The end of the school day doesn’t mean the end of learning for Boston children and teens, thanks to after-school programs run by Harvard’s Phillips Brooks House Association (PBHA). For more than two decades, these programs have provided a safe and fun place for students to go in the crucial afternoon hours.
PBHA runs more than a dozen after-school programs for Boston children and teens, offering homework help, tutoring, mentoring, and enrichment. For many students, being involved with PBHA keeps them out of trouble, helps them complete their homework, and gives them an opportunity to extend their learning time beyond the school day.
“At home, my parents don’t speak English, and my older brother could only help me to a certain extent,” said Jorge Santana, 18, who started attending the Mission Hill After School Program (MHASP) when he was in the third grade and continued through high school. “PBHA gave me a one-on-one tutor who helped me learn English better and get my homework done.”
As part of MHASP and other PBHA after-school programs, students take field trips to Harvard and receive one-on-one mentoring and training from college students. That kind of interaction helped Santana set his sights on college, and moved him to be the kind of role model that had inspired him as a child. Now in his freshman year at Fitchburg State, he has spent the past three years working as a counselor in PBHA’s summer programs.
“Looking back, especially, I can see how it helped me,” he said. “Not everyone had that opportunity; I was lucky.”
Stanley Zheng, a Harvard junior who runs PBHA’s Chinatown Afterschool Program, said his own experiences growing up with two working parents in Philadelphia’s Chinatown motivated him to volunteer when he came to Harvard.
“Many of our students go through what I went through; they don’t have anyone to take care of them after school,” he said. “I remember when I was in the first grade and had to stay home alone after school because both of my parents worked … For our students, being here with someone who can sit down and read with them is a big thing.”
For Philip Chen, a 12-year-old seventh-grader at the Quincy Upper School, going to the Chinatown Afterschool Program means an opportunity to make new friends and to have someone to help him with his homework.
“They help me with math problems, or to write an essay,” he said. “It keeps me doing my work, and it makes me happy. If I wasn’t here, I’d probably stay home and do work without help.”
Many students who participate in PBHA’s after-school programs also do PBHA mentoring and summer programs. The year-round and multiyear engagement enables them to form powerful relationships with volunteers and mentors, as well as other children. Because many students are bused to schools in other areas, these neighborhood-based programs are sometimes the only opportunity children have to meet and play with their neighbors.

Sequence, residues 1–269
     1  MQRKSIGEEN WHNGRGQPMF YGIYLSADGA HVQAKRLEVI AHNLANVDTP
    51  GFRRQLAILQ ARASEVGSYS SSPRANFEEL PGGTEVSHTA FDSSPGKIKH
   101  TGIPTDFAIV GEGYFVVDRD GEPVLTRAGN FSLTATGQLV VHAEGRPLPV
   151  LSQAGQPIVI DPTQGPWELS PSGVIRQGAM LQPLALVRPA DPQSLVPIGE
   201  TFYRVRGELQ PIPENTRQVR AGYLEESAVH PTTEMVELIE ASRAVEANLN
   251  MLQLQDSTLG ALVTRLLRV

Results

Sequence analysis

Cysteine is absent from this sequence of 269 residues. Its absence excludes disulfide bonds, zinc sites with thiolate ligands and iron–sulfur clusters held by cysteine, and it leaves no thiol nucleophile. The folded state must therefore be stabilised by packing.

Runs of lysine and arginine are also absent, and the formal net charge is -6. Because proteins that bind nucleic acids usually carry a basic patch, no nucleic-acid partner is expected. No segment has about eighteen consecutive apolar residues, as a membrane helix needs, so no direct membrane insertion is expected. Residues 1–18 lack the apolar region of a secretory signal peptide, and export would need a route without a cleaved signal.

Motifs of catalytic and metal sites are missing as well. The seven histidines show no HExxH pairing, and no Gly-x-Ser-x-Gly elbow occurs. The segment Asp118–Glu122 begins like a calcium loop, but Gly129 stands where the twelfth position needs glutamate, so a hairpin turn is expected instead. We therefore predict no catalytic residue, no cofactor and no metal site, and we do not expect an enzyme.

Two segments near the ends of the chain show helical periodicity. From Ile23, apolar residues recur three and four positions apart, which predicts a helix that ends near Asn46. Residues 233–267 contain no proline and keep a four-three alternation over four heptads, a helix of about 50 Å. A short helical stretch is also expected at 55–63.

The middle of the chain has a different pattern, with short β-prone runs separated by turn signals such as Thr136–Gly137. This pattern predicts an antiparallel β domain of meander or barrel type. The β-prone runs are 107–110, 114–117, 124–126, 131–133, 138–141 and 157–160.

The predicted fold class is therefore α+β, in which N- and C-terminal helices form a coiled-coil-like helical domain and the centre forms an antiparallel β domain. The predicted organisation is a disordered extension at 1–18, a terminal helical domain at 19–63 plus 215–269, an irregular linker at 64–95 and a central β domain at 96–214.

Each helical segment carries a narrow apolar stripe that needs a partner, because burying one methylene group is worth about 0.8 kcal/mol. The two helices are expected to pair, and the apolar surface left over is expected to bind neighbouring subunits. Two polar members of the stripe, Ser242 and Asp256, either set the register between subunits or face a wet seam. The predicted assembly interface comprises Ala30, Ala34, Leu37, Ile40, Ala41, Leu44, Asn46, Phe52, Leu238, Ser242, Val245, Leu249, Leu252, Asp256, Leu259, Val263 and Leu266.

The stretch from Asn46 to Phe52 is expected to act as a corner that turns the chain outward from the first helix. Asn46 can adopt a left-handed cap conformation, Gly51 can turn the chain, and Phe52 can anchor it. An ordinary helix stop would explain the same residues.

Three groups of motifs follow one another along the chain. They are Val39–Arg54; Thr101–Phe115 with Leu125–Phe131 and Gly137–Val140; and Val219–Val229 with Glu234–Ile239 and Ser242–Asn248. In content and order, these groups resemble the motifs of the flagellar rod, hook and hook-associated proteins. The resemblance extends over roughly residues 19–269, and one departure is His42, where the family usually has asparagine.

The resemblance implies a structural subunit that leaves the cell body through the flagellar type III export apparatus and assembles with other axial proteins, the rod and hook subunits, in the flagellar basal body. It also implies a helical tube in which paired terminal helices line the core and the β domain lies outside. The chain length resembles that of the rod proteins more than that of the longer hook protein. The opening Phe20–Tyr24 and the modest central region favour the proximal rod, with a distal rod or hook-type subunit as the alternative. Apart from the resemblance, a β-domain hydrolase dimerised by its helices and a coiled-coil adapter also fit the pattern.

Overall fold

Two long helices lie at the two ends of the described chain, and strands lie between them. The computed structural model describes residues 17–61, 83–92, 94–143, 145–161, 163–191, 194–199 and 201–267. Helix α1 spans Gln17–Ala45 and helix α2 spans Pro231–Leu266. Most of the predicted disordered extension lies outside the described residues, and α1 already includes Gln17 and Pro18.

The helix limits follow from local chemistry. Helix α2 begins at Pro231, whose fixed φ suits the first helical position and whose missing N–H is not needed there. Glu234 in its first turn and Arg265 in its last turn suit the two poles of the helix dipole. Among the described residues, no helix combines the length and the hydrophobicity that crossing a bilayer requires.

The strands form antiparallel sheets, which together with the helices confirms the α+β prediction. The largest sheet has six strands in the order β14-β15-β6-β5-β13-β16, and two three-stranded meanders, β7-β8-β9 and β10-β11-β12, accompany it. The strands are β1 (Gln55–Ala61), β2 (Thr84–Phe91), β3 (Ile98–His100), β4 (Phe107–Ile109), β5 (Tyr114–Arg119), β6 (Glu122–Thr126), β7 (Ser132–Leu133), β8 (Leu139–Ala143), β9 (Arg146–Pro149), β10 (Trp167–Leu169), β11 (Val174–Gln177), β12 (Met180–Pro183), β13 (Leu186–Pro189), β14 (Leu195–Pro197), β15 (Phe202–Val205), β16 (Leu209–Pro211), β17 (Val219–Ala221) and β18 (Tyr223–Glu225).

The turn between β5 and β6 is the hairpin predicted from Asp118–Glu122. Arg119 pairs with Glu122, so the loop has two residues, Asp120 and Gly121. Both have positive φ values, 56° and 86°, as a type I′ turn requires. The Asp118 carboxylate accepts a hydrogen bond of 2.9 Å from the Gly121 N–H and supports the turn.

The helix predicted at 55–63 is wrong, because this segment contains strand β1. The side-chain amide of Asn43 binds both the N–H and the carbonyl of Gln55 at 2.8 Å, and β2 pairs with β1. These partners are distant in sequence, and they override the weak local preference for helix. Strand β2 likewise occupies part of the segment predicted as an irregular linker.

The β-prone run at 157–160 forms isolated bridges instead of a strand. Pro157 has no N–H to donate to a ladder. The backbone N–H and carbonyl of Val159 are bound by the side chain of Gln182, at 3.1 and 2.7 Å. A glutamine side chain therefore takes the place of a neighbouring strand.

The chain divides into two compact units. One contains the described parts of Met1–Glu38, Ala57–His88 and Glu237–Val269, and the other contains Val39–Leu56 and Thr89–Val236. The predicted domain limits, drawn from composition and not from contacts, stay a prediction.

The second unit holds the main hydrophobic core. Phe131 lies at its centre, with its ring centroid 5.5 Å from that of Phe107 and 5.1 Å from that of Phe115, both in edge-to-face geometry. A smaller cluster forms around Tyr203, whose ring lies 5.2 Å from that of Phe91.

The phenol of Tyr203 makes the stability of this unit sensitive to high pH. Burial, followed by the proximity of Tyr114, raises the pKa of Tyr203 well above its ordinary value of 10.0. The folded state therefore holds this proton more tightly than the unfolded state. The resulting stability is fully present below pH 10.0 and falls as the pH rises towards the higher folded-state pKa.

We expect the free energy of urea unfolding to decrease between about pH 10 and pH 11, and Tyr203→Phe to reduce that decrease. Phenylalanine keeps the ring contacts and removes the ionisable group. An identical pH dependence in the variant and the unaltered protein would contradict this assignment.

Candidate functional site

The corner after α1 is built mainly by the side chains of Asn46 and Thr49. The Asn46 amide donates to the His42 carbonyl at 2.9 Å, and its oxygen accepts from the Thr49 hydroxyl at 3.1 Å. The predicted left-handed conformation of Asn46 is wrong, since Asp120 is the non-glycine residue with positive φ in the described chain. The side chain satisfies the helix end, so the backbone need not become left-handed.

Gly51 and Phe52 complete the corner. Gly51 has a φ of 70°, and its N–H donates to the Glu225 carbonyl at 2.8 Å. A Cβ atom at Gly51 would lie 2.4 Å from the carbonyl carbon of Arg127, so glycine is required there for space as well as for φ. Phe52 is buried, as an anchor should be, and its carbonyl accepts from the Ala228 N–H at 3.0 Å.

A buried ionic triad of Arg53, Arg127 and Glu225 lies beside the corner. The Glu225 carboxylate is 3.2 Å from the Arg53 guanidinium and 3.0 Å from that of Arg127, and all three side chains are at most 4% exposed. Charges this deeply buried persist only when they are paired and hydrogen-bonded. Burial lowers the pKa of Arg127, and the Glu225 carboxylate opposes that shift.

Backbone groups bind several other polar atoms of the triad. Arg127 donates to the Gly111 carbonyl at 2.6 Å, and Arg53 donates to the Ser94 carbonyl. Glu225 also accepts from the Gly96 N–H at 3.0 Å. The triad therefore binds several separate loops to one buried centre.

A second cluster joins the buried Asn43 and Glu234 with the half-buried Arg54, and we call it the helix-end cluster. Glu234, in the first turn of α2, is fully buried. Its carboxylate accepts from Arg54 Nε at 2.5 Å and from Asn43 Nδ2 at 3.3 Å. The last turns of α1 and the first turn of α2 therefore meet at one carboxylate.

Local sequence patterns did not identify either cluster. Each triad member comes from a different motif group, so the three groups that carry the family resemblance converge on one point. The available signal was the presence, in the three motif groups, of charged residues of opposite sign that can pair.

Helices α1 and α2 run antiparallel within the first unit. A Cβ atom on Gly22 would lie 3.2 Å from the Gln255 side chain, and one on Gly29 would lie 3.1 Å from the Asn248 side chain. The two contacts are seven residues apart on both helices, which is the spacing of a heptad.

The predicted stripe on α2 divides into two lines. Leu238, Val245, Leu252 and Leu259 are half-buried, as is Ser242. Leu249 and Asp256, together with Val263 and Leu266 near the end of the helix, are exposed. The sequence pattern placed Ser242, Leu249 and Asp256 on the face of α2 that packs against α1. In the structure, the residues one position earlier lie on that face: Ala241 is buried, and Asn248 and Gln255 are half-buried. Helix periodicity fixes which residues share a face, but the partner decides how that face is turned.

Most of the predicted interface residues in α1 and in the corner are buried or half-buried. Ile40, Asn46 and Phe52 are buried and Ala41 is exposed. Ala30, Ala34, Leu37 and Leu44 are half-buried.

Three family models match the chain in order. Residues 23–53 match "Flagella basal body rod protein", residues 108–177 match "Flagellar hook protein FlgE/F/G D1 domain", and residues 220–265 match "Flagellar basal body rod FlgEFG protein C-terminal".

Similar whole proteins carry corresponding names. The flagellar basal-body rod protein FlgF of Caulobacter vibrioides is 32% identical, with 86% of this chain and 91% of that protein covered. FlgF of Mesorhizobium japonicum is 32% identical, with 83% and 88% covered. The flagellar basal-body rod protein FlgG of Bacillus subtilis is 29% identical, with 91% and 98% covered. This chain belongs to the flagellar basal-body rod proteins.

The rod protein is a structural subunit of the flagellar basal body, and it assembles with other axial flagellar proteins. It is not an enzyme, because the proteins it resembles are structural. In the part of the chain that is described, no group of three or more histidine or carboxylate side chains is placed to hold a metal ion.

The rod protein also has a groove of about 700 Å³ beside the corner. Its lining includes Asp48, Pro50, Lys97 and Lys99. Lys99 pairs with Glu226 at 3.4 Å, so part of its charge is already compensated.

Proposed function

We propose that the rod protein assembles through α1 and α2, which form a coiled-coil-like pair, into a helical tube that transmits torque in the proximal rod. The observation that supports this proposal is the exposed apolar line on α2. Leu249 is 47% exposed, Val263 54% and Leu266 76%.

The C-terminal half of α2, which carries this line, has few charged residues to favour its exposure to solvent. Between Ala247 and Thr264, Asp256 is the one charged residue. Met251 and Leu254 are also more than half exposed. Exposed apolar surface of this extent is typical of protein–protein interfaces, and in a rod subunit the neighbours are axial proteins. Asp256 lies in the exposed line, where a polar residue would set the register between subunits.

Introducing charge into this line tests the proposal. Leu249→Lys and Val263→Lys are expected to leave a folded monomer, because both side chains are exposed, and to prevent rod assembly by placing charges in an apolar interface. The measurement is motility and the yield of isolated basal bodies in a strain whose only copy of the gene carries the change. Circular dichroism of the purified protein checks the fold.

“I didn’t feel like I knew anyone here,” said Cindy Guan, 17, a senior at Boston Latin School who grew up in Chinatown and volunteers in the PBHA program there. “Doing the after-school program made me feel like I was a part of my community; it made me feel like I was giving back.”
PBHA’s long-term presence in the Mission Hill neighborhood has made it a good community partner, said Samantha Calero, a community organizer with Sociedad Latina, a Roxbury-based nonprofit that focuses on youth development. The two organizations have worked together on initiatives to prevent violence and push education reform, and when budget cuts forced Sociedad Latina to scale back its summer programs, the organization referred families to the one run by PBHA.
“We knew we were sending them to a high-quality and affordable program,” Calero said. “It’s a priority for us to serve as many families in Mission Hill as possible, and PBHA helps us accomplish that. They’ve been a strong presence here.”
The PBHA programs generally run for two or more hours in the afternoon. During that time, students do their homework and then take part in enrichment activities designed to make learning fun. Programs maintain low ratios of students to teachers, enabling children to get more one-on-one time than they might at school, or even at home.
“They help me out a lot,” said Jianny Baez, a fourth-grader at William Blackstone Elementary who attends MHASP, along with her brother and sister. “That’s how I got to be a better math person and really good at reading.”
Volunteers for the program pick up the Baez children and others each day at their home in the Alice Taylor Housing Development.
“They get their homework done, practice their academics, and I get a break,” said Brenda Baez, Jianny’s mother. “It’s convenient; they get picked up and dropped off. You can’t beat it.”
This article first appeared in Partnerships for Progress: Teaching and Learning Partnerships/Boston, a fall 2010 publication from Harvard Public Affairs and Communications.